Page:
The Cycle to Work Scheme can save you between 16% and 40% off the cost of a new bike. It has been a hugely successful scheme nationally. Introduced in 1999 by the government a tax exemption incentive to promote healthier journeys to work and reduce environmental pollution. We’ve been a part of the Cycle to Work Scheme for a while now and have really enjoyed helping new customers get into cycling as a result.
For most people, the scheme does still cause a bit of confusion as to how it actually works. So we thought we’d have a go at writing a short explanation to help you out.
First off your employer must be a partner in the scheme. They do not need to be VAT registered. The scheme is available to employees paid by PAYE and above minimum wage criteria.
How the Cycle to Work scheme works
Your employer buys a bike of your choice from a registered partner bike shop (like The Cycle Centre). This can be up to he value of £1000 (if you’re employer holds a Consumer Credit Licence, the maximum is £4500).You sacrifice an amount of salary equal to the cost of the certificate over 12 months. The payments are made from your gross salary (before any tax or NI is deducted), which means you pay less NI and income tax. So the savings are made from the tax and NI reductions alone.
At the end of the 12-month ‘hire’ period, you buy the bike from your employer for its approved Fair Market Value (FMV). However, various scheme providers have come up with ways to minimise the final cost of the bike. One is to extend the loan period past one year, thereby allowing one of the heavier depreciation figures to be used. Another solution involves paying the tax on the FMV. Cyclescheme, the UK’s largest third-party scheme operator utilises the first option. This involves extending the loan period of the bicycle for a further three years, at which point the FMV is 3-7%. Since VAT is no longer added to the final purchase price, there are some instances where you may be better off with this new system. The new ‘sweet spot’ is buying a bike for £499.99, thereby qualifying for the lowest (3%) FMV is you sign Cyclescheme’s Extend Use Agreement.
Other scheme providers take a different approach, which is to settle up with HMRC and pay tax on the FMV of the bike. So you’d pay 20% of the 25% FMV on a bike costing more than £500. For example, on a £1000 bike that’s just £50. The downside to this is that there is a bit more paperwork for your employer. This is the “P11d system” and some employers do prefer it. Although it can cost more for higher rate tax payers and omitting to pay the P11d charge can be troublesome for those concerned.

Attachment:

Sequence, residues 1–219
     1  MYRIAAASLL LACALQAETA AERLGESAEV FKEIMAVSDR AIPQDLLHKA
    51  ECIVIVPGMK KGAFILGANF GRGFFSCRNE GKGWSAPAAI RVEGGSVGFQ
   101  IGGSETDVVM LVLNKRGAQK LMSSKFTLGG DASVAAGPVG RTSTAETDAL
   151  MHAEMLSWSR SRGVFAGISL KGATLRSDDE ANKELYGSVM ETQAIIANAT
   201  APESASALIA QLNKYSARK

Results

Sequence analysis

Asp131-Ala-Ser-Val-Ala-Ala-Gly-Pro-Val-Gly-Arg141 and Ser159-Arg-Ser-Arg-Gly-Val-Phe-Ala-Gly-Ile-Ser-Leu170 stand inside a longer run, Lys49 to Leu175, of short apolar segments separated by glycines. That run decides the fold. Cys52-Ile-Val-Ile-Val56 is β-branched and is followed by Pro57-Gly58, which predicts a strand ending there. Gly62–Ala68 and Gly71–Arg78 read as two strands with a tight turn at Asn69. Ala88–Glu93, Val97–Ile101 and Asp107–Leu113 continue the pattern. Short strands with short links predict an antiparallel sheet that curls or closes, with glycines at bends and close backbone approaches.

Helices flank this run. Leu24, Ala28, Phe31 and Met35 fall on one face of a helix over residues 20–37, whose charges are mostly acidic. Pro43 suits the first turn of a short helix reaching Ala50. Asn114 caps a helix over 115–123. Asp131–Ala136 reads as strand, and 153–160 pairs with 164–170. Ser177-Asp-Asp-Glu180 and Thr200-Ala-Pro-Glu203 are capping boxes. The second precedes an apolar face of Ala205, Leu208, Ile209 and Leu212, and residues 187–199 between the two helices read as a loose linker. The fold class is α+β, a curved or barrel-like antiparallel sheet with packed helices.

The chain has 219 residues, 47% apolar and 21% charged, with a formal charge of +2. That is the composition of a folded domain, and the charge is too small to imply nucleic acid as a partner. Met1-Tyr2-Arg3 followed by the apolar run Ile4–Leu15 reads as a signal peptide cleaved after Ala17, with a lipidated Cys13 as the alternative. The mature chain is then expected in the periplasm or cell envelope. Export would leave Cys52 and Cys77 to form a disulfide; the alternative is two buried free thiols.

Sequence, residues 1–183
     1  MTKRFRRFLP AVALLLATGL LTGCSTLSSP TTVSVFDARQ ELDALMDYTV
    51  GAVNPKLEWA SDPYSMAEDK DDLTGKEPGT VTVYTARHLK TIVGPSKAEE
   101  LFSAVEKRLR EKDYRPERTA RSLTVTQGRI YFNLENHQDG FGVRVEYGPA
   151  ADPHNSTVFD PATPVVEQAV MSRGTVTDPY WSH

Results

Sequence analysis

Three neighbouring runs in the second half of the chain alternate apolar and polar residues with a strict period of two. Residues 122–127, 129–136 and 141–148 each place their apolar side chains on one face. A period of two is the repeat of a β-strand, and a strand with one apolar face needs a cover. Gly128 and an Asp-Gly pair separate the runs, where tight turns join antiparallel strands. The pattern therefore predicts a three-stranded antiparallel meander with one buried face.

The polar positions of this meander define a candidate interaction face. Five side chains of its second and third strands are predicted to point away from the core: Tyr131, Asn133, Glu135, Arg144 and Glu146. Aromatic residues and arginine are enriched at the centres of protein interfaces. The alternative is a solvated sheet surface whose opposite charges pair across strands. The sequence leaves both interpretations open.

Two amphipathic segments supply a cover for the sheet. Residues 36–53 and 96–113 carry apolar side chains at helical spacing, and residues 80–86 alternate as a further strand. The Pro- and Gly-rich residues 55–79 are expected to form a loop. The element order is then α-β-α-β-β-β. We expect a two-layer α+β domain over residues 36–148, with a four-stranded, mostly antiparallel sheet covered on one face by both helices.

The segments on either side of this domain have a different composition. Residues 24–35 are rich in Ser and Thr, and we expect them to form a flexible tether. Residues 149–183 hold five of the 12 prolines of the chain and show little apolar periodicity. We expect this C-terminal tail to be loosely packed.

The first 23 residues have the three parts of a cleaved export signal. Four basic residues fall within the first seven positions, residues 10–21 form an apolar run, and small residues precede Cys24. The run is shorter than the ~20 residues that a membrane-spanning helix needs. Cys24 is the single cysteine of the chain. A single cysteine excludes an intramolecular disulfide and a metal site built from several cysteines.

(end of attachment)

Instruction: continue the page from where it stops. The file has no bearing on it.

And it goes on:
Did You Know?
You can have two bikes at once on the scheme if you ride to a station, take a train and ride again to your workplace. HMRC doesn’t force you to go for the folding bike option.
You can claim 20p per mile in travel expenses when cycling for work other than commuting, but not if you’re on a Cycle to Work bike because this ‘belongs’ to your employer.
Employers who can’t reclaim VAT – charities, universities, the armed forces and parts of the NHS – can’t take part in the scheme.
You are responsible for the maintenance and insurance of the bike, even though you technically your employer (or third party finance company) own the bike during the ‘hire’ period.
Typical savings for employees are between 32% for basic rate taxpayers and 42% for high rate taxpayers, but the actual amount depends on the employee’s personal tax band and the way the employer runs their scheme.
Still sounds confusing?
Here’s an example taken from the Cyclescheme website of how the savings work during the hire period, assuming the following:
- Employee is paid monthly
- Employee is a standard rate tax payer requesting a £500 Certificate
- The hire period is 12 months
- The Employee’s monthly gross salary is £1,200.00 (£14,400 per annum)
|Monthly Gross Salary
|Bike value including VAT
Gross salary sacrifice total
|MONTHLY GROSS SALARY SACRIFICE = £500 / 12 months
(this amount appears on the hire agreement)
|Monthly Gross Salary after salary sacrifice
Monthly NIC contribution (12%)
Monthly income tax contribution (20%)
|MONTHLY NET SALARY REDUCTION
||£816.00 minus £787.67=
||£41.66 minus £28.33
If you’d like to start shopping for your Cycle to Work Scheme bike or would just like a bit more information, then please do pop in to The Cycle Centre and have a chat with us
The information in this post was obtained from www.cyclescheme.co.uk and http://www.onyourbike.org